Fall in employment accelerates as lockdowns continue

The unemployment rate continues to fall, now sitting at 4.5% seasonally adjusted, the lowest since November 2008. But this headline disguises the true story, which is a fall in employment of 146,000 people.

The problem is that people are exiting the labour market – 170,000 of them during August in the ABS labour force figures released today. That is, they are no longer employed or seeking work.

As well as a falling participation rate, underemployment remains a real problem. This rose in August, meaning that many of those remaining in the labour force are not working as much as they would like.

Another worrying issue is that the premise of JobKeeper was to keep employees connected with their workplace so that when the recovery came it would be relatively seamless, allowing a quick regeneration of business activity.

The concern now must be that – given the falling workplace participation rates we are seeing, and the length of time lockdowns are taking – whether that connection has been permanently damaged and will it hinder the recovery.

The eastern states’ ongoing lockdowns are the key to both participation rate and underemployment. The July figures gave us a taste of the start of the NSW lockdown, but today’s data reflects the full extent of the problem in NSW and the new lockdowns in Victoria, ACT and Queensland.

In NSW, the first two weeks in August alone saw another 173,000 reduction in employment in the state, with a similar number of people leaving the labour market. This followed the 36,000 fewer people employed in July.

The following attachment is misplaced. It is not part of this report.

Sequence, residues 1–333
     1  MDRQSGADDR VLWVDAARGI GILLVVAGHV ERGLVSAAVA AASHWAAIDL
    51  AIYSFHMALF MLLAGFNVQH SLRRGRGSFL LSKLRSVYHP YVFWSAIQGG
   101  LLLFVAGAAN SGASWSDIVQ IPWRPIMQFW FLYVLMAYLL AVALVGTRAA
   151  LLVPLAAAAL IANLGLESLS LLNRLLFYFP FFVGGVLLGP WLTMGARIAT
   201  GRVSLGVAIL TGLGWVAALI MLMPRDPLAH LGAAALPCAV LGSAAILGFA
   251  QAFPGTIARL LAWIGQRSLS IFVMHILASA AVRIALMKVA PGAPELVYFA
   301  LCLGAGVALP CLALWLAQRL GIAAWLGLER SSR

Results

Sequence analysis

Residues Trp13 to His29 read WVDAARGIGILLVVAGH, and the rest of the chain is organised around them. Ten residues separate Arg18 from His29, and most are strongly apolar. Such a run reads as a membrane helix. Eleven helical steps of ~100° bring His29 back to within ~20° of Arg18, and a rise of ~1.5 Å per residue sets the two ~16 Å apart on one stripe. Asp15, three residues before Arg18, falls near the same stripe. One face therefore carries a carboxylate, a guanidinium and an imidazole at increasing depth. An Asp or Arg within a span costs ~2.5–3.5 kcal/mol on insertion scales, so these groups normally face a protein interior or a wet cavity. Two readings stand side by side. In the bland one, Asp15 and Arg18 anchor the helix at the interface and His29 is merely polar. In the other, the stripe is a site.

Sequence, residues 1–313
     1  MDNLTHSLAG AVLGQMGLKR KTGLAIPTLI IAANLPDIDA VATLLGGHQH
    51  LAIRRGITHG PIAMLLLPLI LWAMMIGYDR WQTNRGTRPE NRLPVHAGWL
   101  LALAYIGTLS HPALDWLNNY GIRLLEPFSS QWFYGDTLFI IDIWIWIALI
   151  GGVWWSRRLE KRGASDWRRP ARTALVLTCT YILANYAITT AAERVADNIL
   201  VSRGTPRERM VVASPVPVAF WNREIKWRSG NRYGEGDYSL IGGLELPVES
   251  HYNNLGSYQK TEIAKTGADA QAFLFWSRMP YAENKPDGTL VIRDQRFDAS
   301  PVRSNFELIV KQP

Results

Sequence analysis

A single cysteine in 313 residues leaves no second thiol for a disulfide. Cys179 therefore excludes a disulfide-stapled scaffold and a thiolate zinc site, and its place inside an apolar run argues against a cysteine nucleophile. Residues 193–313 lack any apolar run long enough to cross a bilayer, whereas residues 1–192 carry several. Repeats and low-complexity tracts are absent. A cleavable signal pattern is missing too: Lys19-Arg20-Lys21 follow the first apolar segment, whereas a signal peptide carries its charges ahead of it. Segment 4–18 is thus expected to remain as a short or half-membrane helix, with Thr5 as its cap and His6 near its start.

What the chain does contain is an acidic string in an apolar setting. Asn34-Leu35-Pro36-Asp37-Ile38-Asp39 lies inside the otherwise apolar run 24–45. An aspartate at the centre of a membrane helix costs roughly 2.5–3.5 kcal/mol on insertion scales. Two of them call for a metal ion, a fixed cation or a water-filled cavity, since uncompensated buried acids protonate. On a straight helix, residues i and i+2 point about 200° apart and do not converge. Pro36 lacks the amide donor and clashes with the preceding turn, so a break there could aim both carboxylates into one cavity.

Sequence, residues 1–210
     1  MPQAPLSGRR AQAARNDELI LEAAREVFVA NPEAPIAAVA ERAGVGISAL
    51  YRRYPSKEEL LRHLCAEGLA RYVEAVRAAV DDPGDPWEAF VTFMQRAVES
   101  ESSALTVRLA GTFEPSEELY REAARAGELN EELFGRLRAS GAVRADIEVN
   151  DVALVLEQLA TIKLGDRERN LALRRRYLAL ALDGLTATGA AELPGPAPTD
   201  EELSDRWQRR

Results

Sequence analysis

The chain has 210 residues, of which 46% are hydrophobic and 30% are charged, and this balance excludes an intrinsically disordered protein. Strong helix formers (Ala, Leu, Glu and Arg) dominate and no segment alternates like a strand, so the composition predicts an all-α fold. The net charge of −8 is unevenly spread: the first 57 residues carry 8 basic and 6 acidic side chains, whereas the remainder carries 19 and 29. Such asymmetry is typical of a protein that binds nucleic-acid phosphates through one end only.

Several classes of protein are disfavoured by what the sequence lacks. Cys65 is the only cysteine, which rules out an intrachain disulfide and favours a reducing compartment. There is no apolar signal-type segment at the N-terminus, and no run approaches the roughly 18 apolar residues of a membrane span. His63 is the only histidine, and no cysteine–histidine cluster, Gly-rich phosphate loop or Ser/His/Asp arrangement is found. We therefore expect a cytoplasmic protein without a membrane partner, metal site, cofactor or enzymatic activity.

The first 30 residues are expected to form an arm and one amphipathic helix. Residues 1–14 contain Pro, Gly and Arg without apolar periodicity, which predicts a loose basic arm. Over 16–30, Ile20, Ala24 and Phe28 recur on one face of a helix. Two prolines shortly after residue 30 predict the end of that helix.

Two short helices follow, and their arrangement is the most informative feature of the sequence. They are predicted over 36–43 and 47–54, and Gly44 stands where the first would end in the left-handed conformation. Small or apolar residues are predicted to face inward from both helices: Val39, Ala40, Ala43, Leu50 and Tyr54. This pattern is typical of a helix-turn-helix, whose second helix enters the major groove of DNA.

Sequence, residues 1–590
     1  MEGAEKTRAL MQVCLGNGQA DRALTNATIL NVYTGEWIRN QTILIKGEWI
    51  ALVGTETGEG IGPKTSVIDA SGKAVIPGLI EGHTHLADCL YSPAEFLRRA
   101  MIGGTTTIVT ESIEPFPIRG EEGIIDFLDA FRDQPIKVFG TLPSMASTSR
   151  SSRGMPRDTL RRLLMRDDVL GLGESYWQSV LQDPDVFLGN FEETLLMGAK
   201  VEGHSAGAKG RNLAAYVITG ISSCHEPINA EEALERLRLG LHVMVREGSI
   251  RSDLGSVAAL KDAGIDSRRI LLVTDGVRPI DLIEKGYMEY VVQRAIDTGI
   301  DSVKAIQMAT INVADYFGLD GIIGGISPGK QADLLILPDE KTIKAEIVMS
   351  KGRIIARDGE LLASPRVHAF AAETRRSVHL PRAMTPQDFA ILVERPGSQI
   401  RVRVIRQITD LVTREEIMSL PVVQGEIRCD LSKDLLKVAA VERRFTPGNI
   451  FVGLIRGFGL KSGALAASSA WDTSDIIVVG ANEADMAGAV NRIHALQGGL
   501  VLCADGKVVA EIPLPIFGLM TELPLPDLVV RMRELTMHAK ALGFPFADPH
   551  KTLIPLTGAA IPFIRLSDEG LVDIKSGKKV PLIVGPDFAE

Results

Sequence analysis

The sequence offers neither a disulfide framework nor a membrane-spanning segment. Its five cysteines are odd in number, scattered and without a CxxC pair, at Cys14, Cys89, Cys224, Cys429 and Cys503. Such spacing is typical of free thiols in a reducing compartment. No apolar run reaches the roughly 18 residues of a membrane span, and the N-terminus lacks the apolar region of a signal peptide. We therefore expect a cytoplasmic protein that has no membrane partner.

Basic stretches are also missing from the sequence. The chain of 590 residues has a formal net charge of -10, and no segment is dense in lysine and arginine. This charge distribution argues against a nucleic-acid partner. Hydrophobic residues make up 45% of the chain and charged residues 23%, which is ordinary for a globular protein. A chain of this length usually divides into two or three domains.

Queensland also saw a fall in employment of 30,000 jobs, while there was an increase in employment across Victoria (of 29,000 jobs, with the latest lockdowns yet to be fully captured in the data) and Western Australia (of 12,000 jobs).

The August data shows total hours worked across Australia fell by 3.7 percent or 66 million hours, seasonally adjusted. NSW hours fell by 34.9 million – bringing hours worked in the state to below its April 2020 low.

Victoria saw a fall in its monthly hours worked of 16 million, reflecting the start of its latest lockdowns, while Queensland’s fell by 19 million hours. There were some modest increases in hours worked in South Australia and Western Australia.

Across the nation, the underemployment rate has increased again by 1.0 percentage point to 9.3%, albeit still below the highs observed between April and October last year. Of this, NSW, Victoria, QLD and the ACT all saw increases of between 0.7 and 1.0 percentage points in their underemployment rates.

Over August, more than 1.8 million people indicated that they worked fewer hours than usual as a result of ‘No work, not enough work available, stood down’, or for other reasons not related to leave, standard arrangements, or bad weather. 760,000 of these were in NSW, 550,000 in Victoria and 360,000 in Queensland.

It is clear that lockdowns have a significant impact on the labour market. Until the economy can more fully open, employment, participation in the labour market and underemployment figures will continue to record ups and downs across all the states and territories.

Overall summary

  • There were 146,000 fewer people employed across Australia. Lockdowns are a key driver of this fall, with NSW and ACT the only state/territories to have fewer people employed currently compared to pre-pandemic March 2020.
  • For those still in the labour force, there was a significant reduction in hours worked, with 1.3 million people reported as underemployed, or 9.3 percent of the labour force.
  • Across the nation, there were 77,000 fewer males employed and 69,000 fewer females employed, indicating a more even impact this month compared to the initial lockdown figures in July.
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